We're not done with the 8th District just yet. The American Action Network, the "mainstream" Republican group that goes around boosting candidates like Richard Lugar, often finds itself at odds with the Club for Growth, and NC-08 is yet another example. The AAN (which is run by ex-Minnesota Sen. Norm Coleman) is apparently set to start airing an ad attacking dentist Scott Keadle, reportedly backed by a 750-point buy. Like the YG Action Fund, the AAN wants former congressional staffer Richard Hudson to win. Meanwhile, the CfG, predictably, supports Keadle, and they've put their money where their press releases are, spending over $400K on his behalf since the runoff (and more than $700K overall).
• NY-06: Rory Lancman says he's ready to vacate the Working Families Party line this November to help fellow Assemblymember (and Democratic primary victor) Grace Meng beat Republican Dan Halloran in the fall (though in this blue seat, she's heavily favored no matter what). New York has very stupid rules about replacing candidates, but since Lancman is an attorney, he can be nominated to a judgeship (that he'll have no intention of running for) in order to clear the WFP spot. There's one other way to get your name off the ballot: As Lancman archly jokes, "I could die between now and then."
• NY-13: With the math very much against him, state Sen. Adriano Espaillat conceded the Democratic primary to Rep. Charlie Rangel. Espaillat, who came up about 2% short, is also dropping his lawsuit challenging the results, though he said that other groups may pursue alleged incidents of voter suppression. Espaillat also would not say whether he would seek re-election to the state Senate; he has until Thursday to decide.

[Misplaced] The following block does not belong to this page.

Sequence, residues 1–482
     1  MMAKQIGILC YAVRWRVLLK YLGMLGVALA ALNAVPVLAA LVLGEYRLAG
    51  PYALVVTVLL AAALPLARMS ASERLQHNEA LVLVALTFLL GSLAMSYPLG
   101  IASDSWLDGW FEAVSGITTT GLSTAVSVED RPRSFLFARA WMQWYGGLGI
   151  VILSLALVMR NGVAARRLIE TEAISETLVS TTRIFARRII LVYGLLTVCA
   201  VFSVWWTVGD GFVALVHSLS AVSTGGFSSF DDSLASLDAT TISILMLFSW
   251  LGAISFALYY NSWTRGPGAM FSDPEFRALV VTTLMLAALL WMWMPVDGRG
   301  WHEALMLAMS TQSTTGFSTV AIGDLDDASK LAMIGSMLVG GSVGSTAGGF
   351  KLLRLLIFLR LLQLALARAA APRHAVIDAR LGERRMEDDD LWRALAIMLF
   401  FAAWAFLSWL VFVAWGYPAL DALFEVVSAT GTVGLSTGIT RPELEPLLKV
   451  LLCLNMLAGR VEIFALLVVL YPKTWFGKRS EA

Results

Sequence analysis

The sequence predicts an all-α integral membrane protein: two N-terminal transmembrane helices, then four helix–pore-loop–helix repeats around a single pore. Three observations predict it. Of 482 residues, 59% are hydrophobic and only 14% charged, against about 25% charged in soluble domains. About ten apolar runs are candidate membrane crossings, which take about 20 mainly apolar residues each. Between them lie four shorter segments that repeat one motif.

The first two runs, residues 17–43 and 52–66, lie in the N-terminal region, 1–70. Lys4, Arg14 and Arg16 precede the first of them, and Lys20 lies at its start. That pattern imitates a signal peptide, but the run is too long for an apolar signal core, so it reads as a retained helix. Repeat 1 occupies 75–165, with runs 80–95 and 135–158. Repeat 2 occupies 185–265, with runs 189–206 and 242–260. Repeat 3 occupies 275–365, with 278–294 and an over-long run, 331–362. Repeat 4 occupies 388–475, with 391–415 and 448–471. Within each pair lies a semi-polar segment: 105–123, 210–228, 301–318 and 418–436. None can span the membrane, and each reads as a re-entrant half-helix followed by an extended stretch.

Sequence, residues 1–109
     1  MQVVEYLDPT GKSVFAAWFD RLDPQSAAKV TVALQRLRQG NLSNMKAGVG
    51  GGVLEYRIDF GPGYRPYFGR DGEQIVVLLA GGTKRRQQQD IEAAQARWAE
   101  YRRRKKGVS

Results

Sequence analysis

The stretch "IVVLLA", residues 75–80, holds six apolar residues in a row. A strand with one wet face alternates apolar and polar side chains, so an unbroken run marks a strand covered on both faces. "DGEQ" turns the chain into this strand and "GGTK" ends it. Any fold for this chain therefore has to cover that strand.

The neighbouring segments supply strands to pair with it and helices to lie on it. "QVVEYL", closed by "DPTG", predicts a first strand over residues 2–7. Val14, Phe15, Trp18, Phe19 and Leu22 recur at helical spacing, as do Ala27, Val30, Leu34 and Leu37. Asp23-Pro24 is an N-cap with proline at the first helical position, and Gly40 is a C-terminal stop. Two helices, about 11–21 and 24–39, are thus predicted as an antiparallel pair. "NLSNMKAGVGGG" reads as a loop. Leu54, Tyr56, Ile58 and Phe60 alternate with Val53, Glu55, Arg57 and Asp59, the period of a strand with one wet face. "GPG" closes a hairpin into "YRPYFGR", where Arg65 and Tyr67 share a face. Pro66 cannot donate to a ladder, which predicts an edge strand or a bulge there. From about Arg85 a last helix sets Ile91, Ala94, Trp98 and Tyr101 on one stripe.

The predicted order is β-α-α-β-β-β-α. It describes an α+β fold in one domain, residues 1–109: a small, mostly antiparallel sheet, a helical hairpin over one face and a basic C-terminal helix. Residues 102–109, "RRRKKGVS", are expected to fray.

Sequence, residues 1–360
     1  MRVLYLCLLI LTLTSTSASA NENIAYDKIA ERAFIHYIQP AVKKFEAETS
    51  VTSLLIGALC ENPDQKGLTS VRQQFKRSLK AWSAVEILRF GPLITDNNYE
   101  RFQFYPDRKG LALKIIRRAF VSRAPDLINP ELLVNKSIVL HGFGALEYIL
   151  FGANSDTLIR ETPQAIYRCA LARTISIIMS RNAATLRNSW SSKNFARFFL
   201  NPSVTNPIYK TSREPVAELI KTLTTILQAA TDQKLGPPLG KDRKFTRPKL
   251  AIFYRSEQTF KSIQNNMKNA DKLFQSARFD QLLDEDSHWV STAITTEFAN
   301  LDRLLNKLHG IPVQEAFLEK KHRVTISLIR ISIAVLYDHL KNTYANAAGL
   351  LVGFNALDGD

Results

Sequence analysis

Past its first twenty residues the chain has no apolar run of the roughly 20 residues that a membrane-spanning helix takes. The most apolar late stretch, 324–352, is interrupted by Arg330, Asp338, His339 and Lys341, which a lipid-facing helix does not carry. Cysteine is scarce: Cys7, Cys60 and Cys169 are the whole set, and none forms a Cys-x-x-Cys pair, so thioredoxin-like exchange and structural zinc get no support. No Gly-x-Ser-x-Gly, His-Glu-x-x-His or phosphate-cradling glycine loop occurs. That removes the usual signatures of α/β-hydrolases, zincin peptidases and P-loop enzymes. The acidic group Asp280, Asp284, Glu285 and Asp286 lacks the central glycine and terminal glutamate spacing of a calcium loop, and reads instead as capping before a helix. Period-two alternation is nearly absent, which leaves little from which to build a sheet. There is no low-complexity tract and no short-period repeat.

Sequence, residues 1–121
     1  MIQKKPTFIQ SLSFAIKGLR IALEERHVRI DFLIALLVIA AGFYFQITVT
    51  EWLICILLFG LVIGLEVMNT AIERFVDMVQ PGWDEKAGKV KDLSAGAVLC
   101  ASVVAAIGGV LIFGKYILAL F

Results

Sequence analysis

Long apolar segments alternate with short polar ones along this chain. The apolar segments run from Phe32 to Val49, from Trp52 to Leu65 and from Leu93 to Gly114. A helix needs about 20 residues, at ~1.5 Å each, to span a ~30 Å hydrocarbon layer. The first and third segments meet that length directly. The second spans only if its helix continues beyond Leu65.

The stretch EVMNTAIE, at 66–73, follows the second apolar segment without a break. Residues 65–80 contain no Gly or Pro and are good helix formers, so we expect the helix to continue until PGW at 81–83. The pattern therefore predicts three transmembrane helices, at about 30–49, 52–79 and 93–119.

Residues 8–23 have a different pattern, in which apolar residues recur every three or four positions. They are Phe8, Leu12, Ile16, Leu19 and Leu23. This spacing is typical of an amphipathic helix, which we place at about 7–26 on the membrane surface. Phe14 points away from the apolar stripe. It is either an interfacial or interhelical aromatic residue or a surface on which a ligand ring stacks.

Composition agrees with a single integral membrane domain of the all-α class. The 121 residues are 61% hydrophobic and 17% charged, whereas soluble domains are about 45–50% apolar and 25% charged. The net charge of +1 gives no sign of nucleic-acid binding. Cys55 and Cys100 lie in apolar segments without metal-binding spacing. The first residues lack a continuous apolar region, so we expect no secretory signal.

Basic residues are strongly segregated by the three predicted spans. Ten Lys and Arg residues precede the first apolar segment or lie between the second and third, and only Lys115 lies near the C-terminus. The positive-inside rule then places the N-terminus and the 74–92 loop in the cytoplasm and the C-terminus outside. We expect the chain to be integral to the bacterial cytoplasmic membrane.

But don't even think about breathing a sigh of relief: The New York City Board of Elections remains as fucked-up as ever, with 28 previously uncounted ballots mysteriously discovered on Monday. Obviously that's not enough to make a difference, but it's just further proof that the BoE is a criminally incompetent organization filled with pathetic patronage hacks. For a chilling look at what the board is really like, I strongly encourage you to read this 2010 Village Voice piece from investigative journalist Tom Robbins. Appalling stuff.
• WA-01: Democrat Suzan DelBene is out with her second ad, a positive spot in which she touts her work as director of the state's Department of Revenue. She hits two mild partisan notes (on issues that always poll well): She supports "passing the Buffett Rule, to make millionaires pay their fair share" and "cracking down on Wall Street abuses."
Meanwhile, that new super PAC Progress for Washington is doubling its efforts: They're spending another $21K on mailers, presumably the same negative flyers attacking DelBene that they shelled out $21K for last week.
• OR-Init: It looks like Oregon will join several other western states (Washington and probably Colorado) in having a ballot measure in November allowing the legalization, sale, and regulation of marijuana. Supporters have turned in more than twice the number of signatures needed to qualify, and hopefully its presence on the ballot will help drive turnout from otherwise unlikely-to-vote youth voters. Other initiatives looking likely to qualify for the ballot include an end to corporate tax "kicker" rebates (good) and an end to the state's estate tax (bad). (David Jarman)
• Ideology: Here's a new wrinkle in the efforts to quantify anything and everything about politics: It's now possible to assign a DW/Nominate-style score to members of the judiciary, which can be directly overlaid with congressional numbers. The 7th Circuit's Richard Posner (a jurist who's generally regarded as one of judicial conservatism's brightest lights but who attracted a lot of attention last week for complaining how the GOP has left him) is the example that VoteView focuses on.
It turns out Posner's somewhat right: In the 1970s, there were a number of congressional Republicans to the left of Posner, but now, there aren't any. Posner, though, is more moderate than you might have thought: He occupies roughly the same ideological space as Jim Jeffords, Arlen Specter, and Olympia Snowe. Of course, Article III judges aren't elected so it's mostly a theoretical exercise... but this kind of analysis could just as easily be applied to state-level courts, which are elective offices in many jurisdictions. (David Jarman)